The Role of Social Media
The advent of social media has further complicated the landscape of fact-based journalism. While the internet initially offered a relatively free flow of information, it soon attracted the attention of those seeking to control the narrative. Corporations, political entities, and PR firms recognized the potential of the internet as a means to manipulate and influence public opinion.
In 2016, former President Barack Obama called for curating information in the online media environment, setting in motion a trend where third parties, often lacking expertise in the subjects they fact-check, began dictating what information should be accessible to the public. This curatorial approach, including fact-checking and content moderation, has influenced the way people perceive information on social media, search engines, and the broader internet.
Social media, once hailed as a democratizing force for information, has become another tool in the arsenal of those who aim to shape public opinion to serve their interests.
A Crisis of Confidence
In a broader context, this shift in the media landscape has created a crisis of confidence in our institutions. People have become skeptical of the media's ability to provide accurate and unbiased information. This skepticism extends to institutions such as government, health authorities, and even the election process itself.
The media's refusal to cover issues fairly and accurately has contributed to this crisis. When the public perceives that information is being dictated rather than reported objectively, it erodes trust in the very institutions meant to inform and protect the public.
The 2020 Election and Beyond
The media's coverage of the 2020 election was marked by a lack of critical and skeptical reporting. In contrast to what neutral journalism would have demanded, many media outlets appeared uncritically accepting of the narrative that emerged after the election.
Reports of fraud and irregularities were met with assertions that "there's no evidence," a statement that bypasses the rigorous investigative journalism that should have been conducted. Such responses ignored the need for thorough examination and verification of events on the ground.
Neutral journalism would have approached the election with a rational skepticism, monitoring for any signs of fraud, foreign interference, or manipulation, as lessons from the 2016 election had suggested. Instead, a narrative-driven approach dominated the media landscape, discouraging in-depth investigation and critical analysis.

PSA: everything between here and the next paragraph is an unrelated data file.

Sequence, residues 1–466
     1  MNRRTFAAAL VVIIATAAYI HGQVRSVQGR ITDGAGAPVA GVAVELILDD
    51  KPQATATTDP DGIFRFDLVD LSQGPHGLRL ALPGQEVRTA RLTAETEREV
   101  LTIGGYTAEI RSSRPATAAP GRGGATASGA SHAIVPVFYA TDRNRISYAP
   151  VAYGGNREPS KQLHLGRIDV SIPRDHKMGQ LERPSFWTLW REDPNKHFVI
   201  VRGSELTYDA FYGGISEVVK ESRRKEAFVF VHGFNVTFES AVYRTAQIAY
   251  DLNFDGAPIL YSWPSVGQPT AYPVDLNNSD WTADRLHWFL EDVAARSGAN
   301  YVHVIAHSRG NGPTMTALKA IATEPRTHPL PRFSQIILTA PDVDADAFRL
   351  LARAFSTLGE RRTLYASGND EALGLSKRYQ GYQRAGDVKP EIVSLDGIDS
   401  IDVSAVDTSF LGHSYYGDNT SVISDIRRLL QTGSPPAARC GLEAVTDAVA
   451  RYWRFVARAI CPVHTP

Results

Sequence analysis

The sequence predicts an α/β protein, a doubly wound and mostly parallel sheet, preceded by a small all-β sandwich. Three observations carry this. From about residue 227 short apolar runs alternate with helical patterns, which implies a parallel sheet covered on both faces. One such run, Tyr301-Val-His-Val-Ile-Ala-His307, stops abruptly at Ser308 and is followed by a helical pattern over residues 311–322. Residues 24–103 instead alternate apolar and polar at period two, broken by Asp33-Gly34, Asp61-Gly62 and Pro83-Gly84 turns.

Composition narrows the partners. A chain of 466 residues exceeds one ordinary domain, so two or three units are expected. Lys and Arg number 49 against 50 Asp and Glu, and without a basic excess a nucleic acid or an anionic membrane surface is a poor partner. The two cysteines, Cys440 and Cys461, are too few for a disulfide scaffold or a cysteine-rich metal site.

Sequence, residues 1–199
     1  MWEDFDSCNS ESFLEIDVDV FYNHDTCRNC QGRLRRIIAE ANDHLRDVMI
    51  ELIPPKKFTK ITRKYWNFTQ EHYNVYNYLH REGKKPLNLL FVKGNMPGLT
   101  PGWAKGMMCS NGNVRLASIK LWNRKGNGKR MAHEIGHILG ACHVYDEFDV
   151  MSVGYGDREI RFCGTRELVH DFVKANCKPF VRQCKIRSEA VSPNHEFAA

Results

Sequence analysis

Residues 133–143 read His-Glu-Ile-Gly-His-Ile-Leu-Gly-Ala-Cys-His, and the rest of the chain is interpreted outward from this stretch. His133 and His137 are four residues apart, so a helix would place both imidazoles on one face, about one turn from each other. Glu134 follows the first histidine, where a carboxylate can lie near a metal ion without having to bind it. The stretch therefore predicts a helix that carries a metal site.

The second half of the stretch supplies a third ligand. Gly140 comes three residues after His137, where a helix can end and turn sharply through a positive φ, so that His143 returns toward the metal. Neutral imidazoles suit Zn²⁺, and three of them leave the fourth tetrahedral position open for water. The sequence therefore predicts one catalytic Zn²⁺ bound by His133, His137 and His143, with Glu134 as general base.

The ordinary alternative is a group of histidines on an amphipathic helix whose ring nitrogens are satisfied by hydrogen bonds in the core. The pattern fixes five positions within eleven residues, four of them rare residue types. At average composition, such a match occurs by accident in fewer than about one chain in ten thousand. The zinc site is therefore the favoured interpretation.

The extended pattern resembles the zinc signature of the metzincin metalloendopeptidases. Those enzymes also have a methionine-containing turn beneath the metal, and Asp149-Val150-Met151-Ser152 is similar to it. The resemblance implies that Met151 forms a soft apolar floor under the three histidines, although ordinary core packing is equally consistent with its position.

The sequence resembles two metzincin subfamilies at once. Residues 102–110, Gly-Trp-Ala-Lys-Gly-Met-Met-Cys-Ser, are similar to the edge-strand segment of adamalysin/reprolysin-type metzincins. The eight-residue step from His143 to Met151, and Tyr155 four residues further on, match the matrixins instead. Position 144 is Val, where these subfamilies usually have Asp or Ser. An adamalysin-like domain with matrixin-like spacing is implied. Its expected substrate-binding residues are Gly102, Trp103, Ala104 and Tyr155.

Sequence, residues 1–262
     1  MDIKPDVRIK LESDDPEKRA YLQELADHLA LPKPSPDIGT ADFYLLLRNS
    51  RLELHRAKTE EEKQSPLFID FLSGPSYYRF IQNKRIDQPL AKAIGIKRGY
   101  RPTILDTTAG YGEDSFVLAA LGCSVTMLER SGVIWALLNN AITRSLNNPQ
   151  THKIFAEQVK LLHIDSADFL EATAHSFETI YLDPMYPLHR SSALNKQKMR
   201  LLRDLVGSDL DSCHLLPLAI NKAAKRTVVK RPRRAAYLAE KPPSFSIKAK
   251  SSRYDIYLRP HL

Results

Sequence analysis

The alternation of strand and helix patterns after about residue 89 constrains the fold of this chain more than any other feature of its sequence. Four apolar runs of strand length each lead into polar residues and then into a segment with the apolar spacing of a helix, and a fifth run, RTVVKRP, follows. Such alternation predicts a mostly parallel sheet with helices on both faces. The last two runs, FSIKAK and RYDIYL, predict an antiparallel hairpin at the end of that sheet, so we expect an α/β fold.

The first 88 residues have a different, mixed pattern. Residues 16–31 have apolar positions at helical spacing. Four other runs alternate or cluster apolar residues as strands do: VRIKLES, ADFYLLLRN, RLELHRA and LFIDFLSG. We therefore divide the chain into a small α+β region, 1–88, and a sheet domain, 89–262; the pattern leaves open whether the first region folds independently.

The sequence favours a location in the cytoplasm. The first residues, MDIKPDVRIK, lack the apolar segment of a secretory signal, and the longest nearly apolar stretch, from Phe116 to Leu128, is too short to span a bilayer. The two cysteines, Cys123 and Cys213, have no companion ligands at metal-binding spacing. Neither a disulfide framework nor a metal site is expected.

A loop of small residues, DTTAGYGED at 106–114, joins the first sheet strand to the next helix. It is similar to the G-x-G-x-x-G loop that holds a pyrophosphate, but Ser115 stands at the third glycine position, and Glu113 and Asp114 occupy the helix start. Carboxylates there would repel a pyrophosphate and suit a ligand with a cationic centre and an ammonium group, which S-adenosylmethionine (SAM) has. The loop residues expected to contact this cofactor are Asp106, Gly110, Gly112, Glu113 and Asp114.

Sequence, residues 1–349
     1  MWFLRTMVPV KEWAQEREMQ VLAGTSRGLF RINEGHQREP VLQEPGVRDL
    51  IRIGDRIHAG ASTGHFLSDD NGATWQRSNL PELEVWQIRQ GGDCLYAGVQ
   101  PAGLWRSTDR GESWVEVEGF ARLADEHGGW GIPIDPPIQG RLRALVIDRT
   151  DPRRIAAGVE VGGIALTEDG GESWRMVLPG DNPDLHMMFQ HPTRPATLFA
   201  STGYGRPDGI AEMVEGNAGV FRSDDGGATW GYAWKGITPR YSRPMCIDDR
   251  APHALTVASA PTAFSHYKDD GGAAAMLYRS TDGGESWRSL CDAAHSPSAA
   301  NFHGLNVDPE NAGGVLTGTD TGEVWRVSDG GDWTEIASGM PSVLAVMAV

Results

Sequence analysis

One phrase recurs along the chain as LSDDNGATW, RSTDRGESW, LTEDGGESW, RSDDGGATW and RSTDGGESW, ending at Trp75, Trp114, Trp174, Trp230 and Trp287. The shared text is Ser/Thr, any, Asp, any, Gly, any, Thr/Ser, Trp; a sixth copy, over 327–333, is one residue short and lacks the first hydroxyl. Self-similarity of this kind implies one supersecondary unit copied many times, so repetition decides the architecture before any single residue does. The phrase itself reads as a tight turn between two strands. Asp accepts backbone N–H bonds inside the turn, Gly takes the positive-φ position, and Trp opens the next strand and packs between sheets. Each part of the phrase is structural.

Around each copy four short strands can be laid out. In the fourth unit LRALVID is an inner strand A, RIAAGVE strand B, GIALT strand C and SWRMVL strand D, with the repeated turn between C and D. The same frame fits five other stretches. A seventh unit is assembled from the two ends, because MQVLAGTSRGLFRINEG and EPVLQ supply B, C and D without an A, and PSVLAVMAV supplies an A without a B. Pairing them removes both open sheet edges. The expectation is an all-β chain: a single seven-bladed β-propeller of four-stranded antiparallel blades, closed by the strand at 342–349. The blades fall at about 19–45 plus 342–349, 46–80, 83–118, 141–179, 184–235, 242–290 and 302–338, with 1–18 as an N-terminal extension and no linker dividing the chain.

The Path Forward
The decline of fact-based journalism is a matter of deep concern, not only for journalists like Sharyl Attkisson but for society at large. Rebuilding public trust and ensuring that journalism adheres to its fundamental principles is an ongoing challenge.
To navigate this landscape, one must seek out primary sources and alternative views. It is essential to approach news with a degree of skepticism and to question why particular narratives are being pushed. The public plays a vital role in demanding transparency and accountability from the media and its affiliated institutions.
In the face of these challenges, there is hope that by collectively advocating for fact-based reporting and rejecting the narrative-driven agenda, we can restore the integrity of journalism and reaffirm the media's role as a trustworthy source of information.
Sharyl Attkisson's book, "Slanted: How the News Media Taught Us to Love Censorship and Hate Journalism," serves as a crucial resource for those seeking to understand and address the issues facing modern journalism.
As we navigate this evolving media landscape, it's crucial to remain vigilant, seek multiple perspectives, and hold the media accountable for delivering the facts, free from manipulation and bias. Only then can we hope to restore the public's trust in journalism and ensure the integrity of information dissemination.